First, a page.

Que Serait le Cinéma Sans Histoires? - Complications Ensue
Complications Ensue:
The Crafty TV and Screenwriting Blog




Baby Name Voyager graphs baby name frequency by decade.

Social Security Administration: Most popular names by year.

Name Trends: Uniquely popular names by year.

Reverse Dictionary Search: "What's that word that means....?"

Facebook Name Trees Match first names with last names.


American Amazon:

Canadian Amazon:

Archives

April 2004

May 2004

June 2004

July 2004

August 2004

September 2004

October 2004

November 2004

December 2004

January 2005

February 2005

March 2005

April 2005

May 2005

June 2005

July 2005

August 2005

September 2005

October 2005

November 2005

December 2005

January 2006

February 2006

March 2006

April 2006

May 2006

June 2006

July 2006

August 2006

September 2006

October 2006

November 2006

December 2006

January 2007

February 2007

March 2007

April 2007

May 2007

June 2007

July 2007

August 2007

September 2007

October 2007

November 2007

December 2007

January 2008

February 2008

March 2008

April 2008

May 2008

June 2008

July 2008

August 2008

September 2008

October 2008

November 2008

December 2008

January 2009

February 2009

March 2009

April 2009

May 2009

June 2009

July 2009

August 2009

September 2009

October 2009

November 2009

December 2009

January 2010

February 2010

March 2010

April 2010

May 2010

June 2010

July 2010

August 2010

September 2010

October 2010

November 2010

December 2010

January 2011

February 2011

March 2011

April 2011

May 2011

June 2011

July 2011

August 2011

September 2011

October 2011

November 2011

December 2011

January 2012

February 2012

March 2012

April 2012

May 2012

June 2012

July 2012

August 2012

September 2012

October 2012

November 2012

December 2012

January 2013

February 2013

March 2013

April 2013

May 2013

June 2013

July 2013

August 2013

September 2013

October 2013

November 2013

December 2013

January 2014

February 2014

March 2014

April 2014

 

Thursday, September 24, 2009


I went to a SARTEC panel on screenwriting and heard my friends Ken Scott and Joanne Arseneau, among other top Quebecois screenwriters, talk at some length about their process. A few highlights...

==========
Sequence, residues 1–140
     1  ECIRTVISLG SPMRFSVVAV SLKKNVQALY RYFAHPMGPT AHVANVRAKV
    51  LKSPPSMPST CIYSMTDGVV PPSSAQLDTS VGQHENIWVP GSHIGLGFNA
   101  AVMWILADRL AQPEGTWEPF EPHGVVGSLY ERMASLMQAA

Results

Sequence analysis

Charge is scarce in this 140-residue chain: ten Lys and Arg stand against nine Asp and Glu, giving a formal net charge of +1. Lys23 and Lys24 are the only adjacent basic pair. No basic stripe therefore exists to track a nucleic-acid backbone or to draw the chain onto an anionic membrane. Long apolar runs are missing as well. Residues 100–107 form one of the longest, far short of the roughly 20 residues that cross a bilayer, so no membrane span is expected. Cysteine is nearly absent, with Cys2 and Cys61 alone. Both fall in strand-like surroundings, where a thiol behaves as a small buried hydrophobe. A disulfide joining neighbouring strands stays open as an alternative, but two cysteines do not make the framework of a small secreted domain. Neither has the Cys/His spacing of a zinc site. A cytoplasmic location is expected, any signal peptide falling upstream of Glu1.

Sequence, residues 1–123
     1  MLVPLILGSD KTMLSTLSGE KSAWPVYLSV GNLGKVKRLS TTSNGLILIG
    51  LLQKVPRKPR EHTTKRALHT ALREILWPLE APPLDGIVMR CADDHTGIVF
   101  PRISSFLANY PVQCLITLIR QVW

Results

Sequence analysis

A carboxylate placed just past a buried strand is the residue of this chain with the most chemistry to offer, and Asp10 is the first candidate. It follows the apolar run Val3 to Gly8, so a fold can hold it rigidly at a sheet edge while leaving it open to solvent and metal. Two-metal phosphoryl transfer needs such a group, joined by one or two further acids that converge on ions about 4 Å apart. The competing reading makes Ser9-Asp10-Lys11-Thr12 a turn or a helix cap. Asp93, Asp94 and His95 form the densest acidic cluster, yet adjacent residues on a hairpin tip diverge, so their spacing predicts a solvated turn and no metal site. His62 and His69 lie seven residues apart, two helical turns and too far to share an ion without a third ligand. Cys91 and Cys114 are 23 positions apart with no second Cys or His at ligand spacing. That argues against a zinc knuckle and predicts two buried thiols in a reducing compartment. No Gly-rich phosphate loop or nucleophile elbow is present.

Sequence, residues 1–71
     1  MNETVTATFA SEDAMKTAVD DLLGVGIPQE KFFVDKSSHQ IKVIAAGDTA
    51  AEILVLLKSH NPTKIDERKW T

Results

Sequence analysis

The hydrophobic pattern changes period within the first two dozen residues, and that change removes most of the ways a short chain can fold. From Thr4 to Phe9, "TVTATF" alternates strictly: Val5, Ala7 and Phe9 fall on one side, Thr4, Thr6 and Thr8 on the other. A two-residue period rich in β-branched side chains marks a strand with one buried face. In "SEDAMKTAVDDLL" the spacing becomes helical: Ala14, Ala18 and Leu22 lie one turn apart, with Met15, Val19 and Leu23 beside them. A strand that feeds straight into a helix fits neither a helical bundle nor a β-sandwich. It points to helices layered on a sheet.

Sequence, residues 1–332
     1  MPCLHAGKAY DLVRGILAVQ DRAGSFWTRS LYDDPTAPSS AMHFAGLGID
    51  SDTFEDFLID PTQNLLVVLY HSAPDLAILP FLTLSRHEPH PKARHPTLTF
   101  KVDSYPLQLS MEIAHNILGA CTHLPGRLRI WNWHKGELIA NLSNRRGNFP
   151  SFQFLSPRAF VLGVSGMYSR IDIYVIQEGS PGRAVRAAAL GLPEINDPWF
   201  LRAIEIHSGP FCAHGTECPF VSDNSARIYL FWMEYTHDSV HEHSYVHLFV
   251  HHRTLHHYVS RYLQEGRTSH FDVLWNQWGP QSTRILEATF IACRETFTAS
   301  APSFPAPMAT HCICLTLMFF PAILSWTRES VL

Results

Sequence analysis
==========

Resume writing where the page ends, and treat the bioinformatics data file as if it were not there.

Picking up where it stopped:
Before Ken writes anything else, he writes a single sentence that sums up the movie and contains all its important elements. Something like what I call a hook, but more whatever is, for him, the movie. For LA GRANDE SEDUCTION, for example: "A village that used to make its living fishing must seduce a doctor into staying in order to survive." Interestingly, he said that for MAURICE RICHARD he didn't have a sentence when he wrote it, but he'd gone to the Montreal Forum for the last game ever played there. (It's now a movie theater.) All the captains of the Montreal Canadiens skated out, including Richard. Richard got a fifteen minute standing ovation. (Or as it's called in French, "un standing ovation.") For Ken, the driving question was: how did a guy who could barely talk become such a spokesman for his people that he got a standing ovation fifty years after he stopped playing hockey?

There was some mild producer bashing. (Q. Why don't producers take the Métro? A. Because you have to pay cash.) And a few warnings about making sure you have a good -- and clear -- relationship with your director. ("The moment a director sits down next to a screenwriter, he thinks he's screenwriting.")

They discussed research. Most of the panelists do lots of research. But Joanne admitted that doing too much can be a trap; and Pierre Szalowski said he only does research when he needs to know something specific; otherwise the research can take over the story. In Ken's case writing MAURICE RICHARD, there was a press conference announcing he was starting the project, so when he went to cafes to write on his laptop, he'd often get some friendly advice from random strangers about what historical event he definitely had to include in the script.

(Boy, a press conference announcing that a screenwriter has been hired to write a biopic. Imaginez-vous ça, vous autres canadiens!)

Joanne mentioned that she deals with notes by imagining the audience. If she's getting notes that don't sound right, she tries to figure out what her imaginary audience would think of the movie if she took the note. If the imaginary audience doesn't like the revised movie, she doesn't take the note.

Thanks for the neat seminar, SARTEC!

Labels:

1 Comments:

The idea of writing one line that describes the whole movie (what i call a premise) before writing the film is something very helpful.

I found that ever since I started doing that, my writing went so much smoother because I knew what my movie was about in it's most basic form.

By the way I LOVE La Grande Seduction. It's probably my favorite movie to come out of Quebec!

By Blogger Nick Seguin, at 10:28 AM  

Post a Comment

Back to Complications Ensue main blog page.



This page is powered by Blogger.